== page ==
A couple of years ago, just after my partner David and I took the plunge and bought our first place together, we sat down, finally (despite my having worked in legacy giving for nearly 8 years and he being one of the most organised people you are ever likely to meet) to discuss our wills.

Professionally, I know that gifts in wills are the cornerstone of funding for many UK charities – set to contribute £13.6 billion to our sector over the next 5 years – and that without those gifts many charities simply wouldn’t be able to do the work they do. As Chief Executive at the Institute of Legacy Management, I also know that our members, through the application of their knowledge and expertise, are responsible for the successful administration of over £2 billion of legacy income every year. But, as we sat staring at the blank sheet of paper not quite knowing where to start, this suddenly felt like something very different.

Having made the decision to write our wills we, although only with the cursory consideration befitting our young years, we had to accept the fact that one day we were going to die. In very practical terms we’d also acknowledged that we had a responsibility to each other to put our affairs in order. Having ensured David was provided for by a life interest in the property (we are in a very modern and unromantic way tenants in common) and that my nephew (probably the only family member surviving by the time I die) would inherit thereafter, I came quite quickly to considerations of more personal matter.

Having disposed of my principal asset there really wasn’t that much left to divide up but it felt really important that I ‘get it right’. I wanted to ensure that somehow my memory would live on through my support for the things I had enjoyed whilst alive and yes, the causes I had believed in too. It’s not easy trying to express emotions in percentage share terms! What the loved ones I left behind might think was also important. Don’t we all want to be remembered fondly once we’re gone? After much soul searching I eventually found a way to divide up my ‘assets’ that felt acceptable. It took several return visits to get the final document drafted and properly executed (well I hope it was anyway!). Now safely stored away, barring any major changes in my circumstances, this is not a process I plan to repeat for many years to come.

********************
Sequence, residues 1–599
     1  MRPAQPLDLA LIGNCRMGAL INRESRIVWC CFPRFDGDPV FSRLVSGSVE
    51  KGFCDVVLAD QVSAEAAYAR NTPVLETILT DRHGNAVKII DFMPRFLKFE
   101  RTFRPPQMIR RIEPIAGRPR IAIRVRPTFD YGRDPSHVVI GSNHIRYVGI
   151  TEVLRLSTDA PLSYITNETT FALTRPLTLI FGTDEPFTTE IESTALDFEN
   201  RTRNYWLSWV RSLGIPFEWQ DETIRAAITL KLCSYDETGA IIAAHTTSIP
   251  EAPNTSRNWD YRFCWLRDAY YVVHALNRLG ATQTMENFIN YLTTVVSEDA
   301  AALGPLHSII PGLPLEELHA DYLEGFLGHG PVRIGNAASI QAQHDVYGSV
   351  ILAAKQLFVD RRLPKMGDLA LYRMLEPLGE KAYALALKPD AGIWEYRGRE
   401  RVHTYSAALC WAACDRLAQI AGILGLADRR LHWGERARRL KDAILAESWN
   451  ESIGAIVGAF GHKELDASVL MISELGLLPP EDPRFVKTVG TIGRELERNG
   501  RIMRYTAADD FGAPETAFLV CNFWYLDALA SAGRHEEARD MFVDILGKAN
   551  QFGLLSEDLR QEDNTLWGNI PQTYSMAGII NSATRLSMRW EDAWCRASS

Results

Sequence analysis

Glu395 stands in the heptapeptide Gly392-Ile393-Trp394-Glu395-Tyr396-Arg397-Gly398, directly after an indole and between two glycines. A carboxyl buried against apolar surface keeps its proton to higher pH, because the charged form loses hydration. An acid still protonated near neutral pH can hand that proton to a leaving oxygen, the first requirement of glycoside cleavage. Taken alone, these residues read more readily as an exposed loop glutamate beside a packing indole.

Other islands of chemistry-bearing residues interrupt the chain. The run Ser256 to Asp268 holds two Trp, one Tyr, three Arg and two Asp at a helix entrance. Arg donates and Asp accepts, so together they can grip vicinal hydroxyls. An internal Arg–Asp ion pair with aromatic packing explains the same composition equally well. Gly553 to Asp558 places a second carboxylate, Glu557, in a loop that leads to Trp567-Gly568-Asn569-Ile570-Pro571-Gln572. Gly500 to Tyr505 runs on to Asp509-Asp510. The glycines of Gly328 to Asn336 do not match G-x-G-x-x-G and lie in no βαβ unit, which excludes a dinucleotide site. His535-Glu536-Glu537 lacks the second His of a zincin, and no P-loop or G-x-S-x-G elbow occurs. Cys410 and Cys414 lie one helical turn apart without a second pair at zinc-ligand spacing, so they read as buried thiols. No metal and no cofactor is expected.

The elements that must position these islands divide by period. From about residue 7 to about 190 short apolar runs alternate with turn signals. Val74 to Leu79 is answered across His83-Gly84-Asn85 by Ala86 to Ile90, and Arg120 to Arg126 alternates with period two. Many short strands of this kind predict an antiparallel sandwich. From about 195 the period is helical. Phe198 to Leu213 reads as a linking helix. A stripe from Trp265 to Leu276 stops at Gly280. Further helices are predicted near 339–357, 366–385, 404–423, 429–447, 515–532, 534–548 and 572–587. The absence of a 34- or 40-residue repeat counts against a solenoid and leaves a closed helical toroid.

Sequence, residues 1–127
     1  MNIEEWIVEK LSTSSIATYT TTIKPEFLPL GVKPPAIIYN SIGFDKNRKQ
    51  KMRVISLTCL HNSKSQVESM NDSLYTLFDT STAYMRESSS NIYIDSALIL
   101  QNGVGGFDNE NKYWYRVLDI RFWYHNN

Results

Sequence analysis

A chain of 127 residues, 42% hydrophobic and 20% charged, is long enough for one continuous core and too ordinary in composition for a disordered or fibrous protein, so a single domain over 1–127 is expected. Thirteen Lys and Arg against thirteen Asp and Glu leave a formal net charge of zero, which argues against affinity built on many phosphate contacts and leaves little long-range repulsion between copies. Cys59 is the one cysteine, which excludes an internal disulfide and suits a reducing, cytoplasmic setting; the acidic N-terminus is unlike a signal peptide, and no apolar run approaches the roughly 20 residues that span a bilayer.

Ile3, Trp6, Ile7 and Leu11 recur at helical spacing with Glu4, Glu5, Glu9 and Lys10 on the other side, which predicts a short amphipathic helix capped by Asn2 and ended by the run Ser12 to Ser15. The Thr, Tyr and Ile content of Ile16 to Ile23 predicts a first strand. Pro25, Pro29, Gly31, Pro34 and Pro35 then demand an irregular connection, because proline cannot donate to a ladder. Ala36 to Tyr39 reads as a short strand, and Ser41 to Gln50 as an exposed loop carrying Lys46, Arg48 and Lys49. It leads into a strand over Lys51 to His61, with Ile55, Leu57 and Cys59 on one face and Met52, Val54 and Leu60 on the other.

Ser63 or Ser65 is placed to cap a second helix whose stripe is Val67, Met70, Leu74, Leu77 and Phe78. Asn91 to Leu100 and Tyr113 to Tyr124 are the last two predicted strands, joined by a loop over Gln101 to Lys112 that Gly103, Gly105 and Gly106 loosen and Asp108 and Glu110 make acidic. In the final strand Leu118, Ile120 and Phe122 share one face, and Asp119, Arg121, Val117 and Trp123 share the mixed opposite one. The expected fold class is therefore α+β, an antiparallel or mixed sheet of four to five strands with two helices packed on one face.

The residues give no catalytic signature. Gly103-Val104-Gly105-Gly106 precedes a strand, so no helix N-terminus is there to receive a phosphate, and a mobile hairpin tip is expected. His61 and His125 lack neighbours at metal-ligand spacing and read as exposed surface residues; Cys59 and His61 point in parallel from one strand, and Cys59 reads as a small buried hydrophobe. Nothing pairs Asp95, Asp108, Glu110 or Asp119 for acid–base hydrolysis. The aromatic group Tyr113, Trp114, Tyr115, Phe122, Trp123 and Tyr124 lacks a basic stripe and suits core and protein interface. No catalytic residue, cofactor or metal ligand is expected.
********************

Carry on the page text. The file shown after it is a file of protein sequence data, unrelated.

Nice story I hear you say, but what does this mean for me as a legacy professional?

Given the relentless scrutiny from the press, and the changing nature of our donors (not least the rise of the Baby Boomers) I believe that it’s more important than ever that we work together to ensure that every donor’s final wishes achieve their greatest potential. To support this goal, we need to re-personalise the legacy giving experience; to help donors be remembered and support our organisations – as I was able to do – in the way that they want to.

We mustn’t allow ourselves or our organisations to think about legacies coldly, as nothing more than a lucrative income stream. If we do, we risk jeopardising the very future of those legacies. If we forget the people behind the figures, and the motivations behind those gifts, we risk damaging the bond we as charities have with our donors and their families. We also risk the reputation of the legacy (and indeed the charity) sector, among the general public, and those who help them make those gifts – namely solicitors, will writers, and lay executors.

That’s why we, as legacy professionals – whether we work in administration or fundraising – must remain committed to using a personalised approach to our work, remaining focused on the true nature of what we are doing.

My own experience of will writing gave me first-hand insight into the process and the very personal nature of the decisions which have to be made. As legacy professionals we need to work together at every stage of their journey, to guarantee that donors and their final wishes are respected. Every legacy is unique – let’s make sure we treat them that way.

Legacy Viewpoint provides a space for people in the legacy sector to express their opinions. These opinions are not necessarily the same as Legacy Foresight’s, but our purpose is to stimulate new ideas and debate.